US markets have continued to drop after another strong rally on Wednesday, responding in large part to news that China had agreed to a 90-day truce in the trade war. And according to my colleagues Christopher Burns and Phil Wegmann, global markets are also falling along with the stock markets:
It’s a tumble, sure, but why the weakness?
Markets are back to December levels, and the major indexes are off nearly 1.5 percent
And there are signs that perhaps more rational people, a lot more rational people, are now taking sides:
This morning’s reports of a possible trade agreement seem to confirm that “trade war” talks now focus not on exactly zero tariffs but rather a ‘lower-ball’ number.
American investors have hardly been among the great beneficiaries of trade tensions — after all, many of the costs of tariffs (mostly from retaliatory levies) has been borne by US consumers
Still, both Trump and China’s leaders have reason to preserve the modest confidence that this truce might buy them, and probably that whatever even that lower-ball figure is, it will be higher than both sides were actually willing to agree. What’s more, the markets have looked at the meeting and seen – at least temporarily – a big drop in the level of fear; which suggests that a drop in global markets is a little bit premature.
That said, Trump’s expressed desire to change the terms of the truce once it ends, at least to the extent that the scheduled increase in tariffs on $200 billion worth of Chinese goods turns out to be long enough, and holds, to make any real difference, will make it harder to maintain the optimism generated by the ceasefire. So, indeed, China is facing new costs on its end too, and the markets will suffer as a result.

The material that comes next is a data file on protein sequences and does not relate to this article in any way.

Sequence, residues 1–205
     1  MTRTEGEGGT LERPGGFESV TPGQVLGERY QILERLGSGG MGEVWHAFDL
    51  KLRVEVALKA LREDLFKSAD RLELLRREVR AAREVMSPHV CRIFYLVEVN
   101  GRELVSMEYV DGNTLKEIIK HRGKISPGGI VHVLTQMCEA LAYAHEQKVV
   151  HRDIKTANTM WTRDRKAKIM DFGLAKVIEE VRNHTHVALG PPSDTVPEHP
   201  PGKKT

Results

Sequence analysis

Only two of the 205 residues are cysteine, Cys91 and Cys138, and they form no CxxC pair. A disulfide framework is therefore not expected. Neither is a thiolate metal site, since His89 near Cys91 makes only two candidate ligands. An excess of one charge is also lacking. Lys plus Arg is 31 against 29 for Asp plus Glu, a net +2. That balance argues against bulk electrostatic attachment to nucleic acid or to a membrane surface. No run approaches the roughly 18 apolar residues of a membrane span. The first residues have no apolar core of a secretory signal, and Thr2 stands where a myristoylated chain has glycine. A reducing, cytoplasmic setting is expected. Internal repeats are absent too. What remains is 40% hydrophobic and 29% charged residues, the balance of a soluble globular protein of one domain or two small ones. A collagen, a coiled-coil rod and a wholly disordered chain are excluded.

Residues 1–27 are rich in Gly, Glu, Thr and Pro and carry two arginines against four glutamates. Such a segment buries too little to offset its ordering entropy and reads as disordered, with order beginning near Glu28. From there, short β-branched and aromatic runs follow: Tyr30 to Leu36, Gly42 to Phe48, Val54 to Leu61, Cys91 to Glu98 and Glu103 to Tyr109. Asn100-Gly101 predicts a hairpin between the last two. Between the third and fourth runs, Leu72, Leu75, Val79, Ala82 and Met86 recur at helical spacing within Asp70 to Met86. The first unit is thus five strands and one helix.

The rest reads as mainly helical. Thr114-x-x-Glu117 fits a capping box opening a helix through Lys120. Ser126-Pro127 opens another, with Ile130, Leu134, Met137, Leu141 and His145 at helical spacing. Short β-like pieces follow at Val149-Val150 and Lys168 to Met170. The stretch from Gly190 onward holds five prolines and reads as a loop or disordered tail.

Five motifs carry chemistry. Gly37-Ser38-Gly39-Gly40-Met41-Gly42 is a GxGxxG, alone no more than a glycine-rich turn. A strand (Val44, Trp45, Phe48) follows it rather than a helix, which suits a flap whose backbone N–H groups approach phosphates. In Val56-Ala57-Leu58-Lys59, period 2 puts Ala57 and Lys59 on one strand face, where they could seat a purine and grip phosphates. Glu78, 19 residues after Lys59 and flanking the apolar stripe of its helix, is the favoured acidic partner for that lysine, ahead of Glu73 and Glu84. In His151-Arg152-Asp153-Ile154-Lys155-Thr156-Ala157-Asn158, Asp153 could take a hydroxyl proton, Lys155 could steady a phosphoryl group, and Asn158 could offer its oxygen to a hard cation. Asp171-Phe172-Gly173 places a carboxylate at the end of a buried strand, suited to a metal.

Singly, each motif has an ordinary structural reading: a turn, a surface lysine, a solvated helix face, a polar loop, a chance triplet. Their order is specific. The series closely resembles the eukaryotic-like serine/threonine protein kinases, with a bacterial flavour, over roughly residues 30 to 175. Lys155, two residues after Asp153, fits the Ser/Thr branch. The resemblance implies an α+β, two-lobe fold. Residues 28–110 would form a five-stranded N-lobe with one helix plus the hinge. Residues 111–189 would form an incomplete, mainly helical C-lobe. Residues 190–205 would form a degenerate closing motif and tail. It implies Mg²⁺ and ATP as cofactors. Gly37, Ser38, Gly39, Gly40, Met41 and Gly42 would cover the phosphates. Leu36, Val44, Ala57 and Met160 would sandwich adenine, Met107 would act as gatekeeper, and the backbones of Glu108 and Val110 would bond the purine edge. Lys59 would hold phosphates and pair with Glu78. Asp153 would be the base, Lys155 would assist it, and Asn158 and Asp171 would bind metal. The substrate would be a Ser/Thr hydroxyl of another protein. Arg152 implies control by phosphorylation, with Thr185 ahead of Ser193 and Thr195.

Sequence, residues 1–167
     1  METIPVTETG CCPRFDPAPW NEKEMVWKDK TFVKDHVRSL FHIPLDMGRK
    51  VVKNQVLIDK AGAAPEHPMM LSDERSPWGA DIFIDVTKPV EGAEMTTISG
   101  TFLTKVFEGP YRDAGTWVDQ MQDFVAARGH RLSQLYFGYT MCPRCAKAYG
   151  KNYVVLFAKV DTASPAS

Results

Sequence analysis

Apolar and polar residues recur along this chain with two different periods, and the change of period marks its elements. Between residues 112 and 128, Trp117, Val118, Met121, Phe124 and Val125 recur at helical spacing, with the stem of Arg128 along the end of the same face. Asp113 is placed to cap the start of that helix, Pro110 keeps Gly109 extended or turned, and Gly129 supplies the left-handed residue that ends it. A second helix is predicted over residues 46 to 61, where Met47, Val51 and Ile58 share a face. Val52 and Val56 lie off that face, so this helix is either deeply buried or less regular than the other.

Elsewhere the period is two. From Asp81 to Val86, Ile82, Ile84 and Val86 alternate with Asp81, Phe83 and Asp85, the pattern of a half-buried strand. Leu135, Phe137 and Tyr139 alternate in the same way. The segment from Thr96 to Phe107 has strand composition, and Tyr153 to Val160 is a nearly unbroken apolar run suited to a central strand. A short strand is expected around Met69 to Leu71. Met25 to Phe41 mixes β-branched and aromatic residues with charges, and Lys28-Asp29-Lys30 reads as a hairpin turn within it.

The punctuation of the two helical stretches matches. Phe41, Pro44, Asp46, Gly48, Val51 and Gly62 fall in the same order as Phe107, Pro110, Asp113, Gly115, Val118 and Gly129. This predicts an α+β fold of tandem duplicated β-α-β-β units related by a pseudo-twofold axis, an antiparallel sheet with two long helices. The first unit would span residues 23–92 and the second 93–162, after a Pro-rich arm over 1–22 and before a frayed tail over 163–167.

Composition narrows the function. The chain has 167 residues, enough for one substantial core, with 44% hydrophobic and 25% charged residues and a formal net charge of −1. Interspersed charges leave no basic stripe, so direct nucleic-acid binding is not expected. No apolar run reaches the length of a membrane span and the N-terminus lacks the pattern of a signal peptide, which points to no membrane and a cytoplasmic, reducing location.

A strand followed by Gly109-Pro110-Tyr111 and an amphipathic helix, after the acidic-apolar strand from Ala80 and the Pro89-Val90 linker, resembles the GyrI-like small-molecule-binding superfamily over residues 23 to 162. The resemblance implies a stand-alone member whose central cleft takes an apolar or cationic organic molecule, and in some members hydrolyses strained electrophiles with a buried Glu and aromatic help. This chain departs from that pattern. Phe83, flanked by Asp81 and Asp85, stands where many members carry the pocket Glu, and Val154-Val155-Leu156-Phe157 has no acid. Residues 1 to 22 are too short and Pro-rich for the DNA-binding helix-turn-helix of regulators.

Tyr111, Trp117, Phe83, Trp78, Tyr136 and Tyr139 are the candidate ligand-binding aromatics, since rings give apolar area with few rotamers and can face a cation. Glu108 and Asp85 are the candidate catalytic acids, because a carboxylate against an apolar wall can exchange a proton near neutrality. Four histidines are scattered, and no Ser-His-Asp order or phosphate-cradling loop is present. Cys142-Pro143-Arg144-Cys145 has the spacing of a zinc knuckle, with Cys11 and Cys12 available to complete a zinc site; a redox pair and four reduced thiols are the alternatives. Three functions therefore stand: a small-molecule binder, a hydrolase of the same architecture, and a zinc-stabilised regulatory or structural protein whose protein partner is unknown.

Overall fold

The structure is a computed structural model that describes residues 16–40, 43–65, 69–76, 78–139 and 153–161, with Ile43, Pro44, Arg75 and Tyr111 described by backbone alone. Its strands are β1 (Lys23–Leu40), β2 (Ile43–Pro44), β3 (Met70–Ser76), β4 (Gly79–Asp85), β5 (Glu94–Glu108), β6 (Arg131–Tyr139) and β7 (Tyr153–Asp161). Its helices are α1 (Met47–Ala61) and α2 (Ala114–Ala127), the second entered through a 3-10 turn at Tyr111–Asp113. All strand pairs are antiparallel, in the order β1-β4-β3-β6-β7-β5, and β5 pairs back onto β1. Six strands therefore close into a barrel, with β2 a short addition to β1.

It all adds up to at least a partial setback for the current slump, as well as a bit of the usual hopefulness that generally follows a sharp pullback. But a freeze on tariffs is likely to be an only partial victory, and probably not even that. As every informed observer expects Trump and Xi to simply make further concessions, a serious, long-lasting pause in the trade war is still on the way.
Of course, Trump could very much hold out for a deal — or wait until the end of the negotiating session to announce that he’s hitched up the entire car — but that seems to be impossible without committing to an agreed increase in tariffs, again. And there’s a pretty clear reason for that: It would look to be an abandonment of his promised “America First” policies, and the strong reaction would help all the other countries that have been victimized by the tit-for-tat tariffs.
Whatever the cause of this market weakness, it’s likely to be short-lived and temporary. To be sure, some stocks will still slide over the next couple of weeks, as their valuations gradually factor in the removal of some of the risk that has priced into them. But over the long term, most will recover.